Therefore the industry made several representations requesting clarifications on the valuation methodology, carve-outs ups, any safe-harbor provisions etc.

Press release dated 19 May 2023

As a much awaited and welcome relief, a press release was issued by the Press Information Bureau in relation to possible amendments to valuation under the IT Rules. According to that press release the government is likely to recognise various other valuation methodologies for the purposes of section 56 and Rule 11UA. Rule 11UA currently prescribes two valuation methods with respect to valuation of shares namely, Discounted Cash Flow (DCF) and Net Asset Value (NAV) method. It is proposed to include 5 more valuation methods, available for non-resident investors, in addition to the DCF and NAV methods of valuation. The press release also states that a proposal to provide a safe harbour of 10% variation in valuation was being contemplated.

Along with the proposed changes in Rule 11UA, the press release also provides that a notification would be issued to provide for categories of excluded entities from excluded countries as well as extension of exemption to investments in start-ups.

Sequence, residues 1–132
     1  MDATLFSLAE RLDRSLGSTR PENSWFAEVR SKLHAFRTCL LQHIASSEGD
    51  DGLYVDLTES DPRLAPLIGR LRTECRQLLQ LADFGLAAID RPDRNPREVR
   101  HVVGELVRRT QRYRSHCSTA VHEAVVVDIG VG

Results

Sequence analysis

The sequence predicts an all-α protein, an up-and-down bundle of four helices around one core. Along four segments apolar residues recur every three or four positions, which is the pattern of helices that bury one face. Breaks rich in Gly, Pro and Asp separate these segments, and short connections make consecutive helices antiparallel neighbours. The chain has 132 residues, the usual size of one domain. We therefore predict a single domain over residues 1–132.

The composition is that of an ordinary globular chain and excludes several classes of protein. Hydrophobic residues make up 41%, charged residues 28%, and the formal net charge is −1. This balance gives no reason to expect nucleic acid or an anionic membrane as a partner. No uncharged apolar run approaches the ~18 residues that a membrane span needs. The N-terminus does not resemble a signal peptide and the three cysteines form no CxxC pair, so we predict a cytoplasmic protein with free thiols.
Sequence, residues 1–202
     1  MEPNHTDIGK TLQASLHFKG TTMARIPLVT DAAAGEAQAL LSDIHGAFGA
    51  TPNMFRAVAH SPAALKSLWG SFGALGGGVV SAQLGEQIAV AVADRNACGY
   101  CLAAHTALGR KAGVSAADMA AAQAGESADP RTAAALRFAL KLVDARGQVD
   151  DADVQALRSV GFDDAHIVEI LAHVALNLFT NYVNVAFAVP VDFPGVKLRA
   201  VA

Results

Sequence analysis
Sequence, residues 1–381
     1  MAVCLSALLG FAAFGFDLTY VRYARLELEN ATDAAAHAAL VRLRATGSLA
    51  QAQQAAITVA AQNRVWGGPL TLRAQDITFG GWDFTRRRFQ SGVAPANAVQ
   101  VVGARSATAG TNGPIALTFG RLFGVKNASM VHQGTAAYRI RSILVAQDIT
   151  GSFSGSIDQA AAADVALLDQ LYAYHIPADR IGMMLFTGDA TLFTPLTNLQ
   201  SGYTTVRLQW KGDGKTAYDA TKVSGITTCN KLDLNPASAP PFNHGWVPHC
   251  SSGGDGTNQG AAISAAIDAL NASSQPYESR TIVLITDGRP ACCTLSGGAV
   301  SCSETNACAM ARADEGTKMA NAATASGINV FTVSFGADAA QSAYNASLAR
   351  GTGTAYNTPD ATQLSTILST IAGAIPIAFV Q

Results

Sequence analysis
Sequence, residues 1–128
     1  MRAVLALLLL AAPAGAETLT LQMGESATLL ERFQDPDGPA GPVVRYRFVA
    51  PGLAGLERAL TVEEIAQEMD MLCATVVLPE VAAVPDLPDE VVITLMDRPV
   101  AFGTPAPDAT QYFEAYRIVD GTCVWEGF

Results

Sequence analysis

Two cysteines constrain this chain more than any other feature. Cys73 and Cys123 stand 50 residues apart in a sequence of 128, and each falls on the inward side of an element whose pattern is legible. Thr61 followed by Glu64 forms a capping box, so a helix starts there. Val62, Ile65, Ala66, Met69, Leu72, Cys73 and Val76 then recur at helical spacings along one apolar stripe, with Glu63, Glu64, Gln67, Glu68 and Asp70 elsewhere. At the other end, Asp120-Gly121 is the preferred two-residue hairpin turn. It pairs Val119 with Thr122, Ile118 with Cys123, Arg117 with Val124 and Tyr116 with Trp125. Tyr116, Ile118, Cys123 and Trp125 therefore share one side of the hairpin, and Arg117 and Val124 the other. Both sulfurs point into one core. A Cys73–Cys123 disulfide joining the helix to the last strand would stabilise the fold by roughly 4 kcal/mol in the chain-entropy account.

Notifications dated 24 May 2023

Pursuant to the above press release, the Central Board of Direct Taxes ('CBDT') has on 24 May 2023, issued two notifications exempting certain persons from the provisions of Section 56(2)(viib) of the IT Act:

a. Notification 29 of 2023 bearing number S.O. 2274(E)

By way of this notification, the CBDT has stated that specified non-resident entities would be exempted from the provisions of clause (viib) of sub-section (2) of Section 56 of the IT Act. The types of specified entities include:

  • Government and Government related investors such as central banks, sovereign wealth funds, international or multilateral organizations or agencies etc;
  • Banks or Entities involved in Insurance Business;
  • Any of the following entities, which is a resident of any country or specified territory as listed in the notification,
    • Entities registered with Securities and Exchange Board of India as Category-I Foreign Portfolio Investors;
    • Endowment funds associated with a university, hospitals or charities;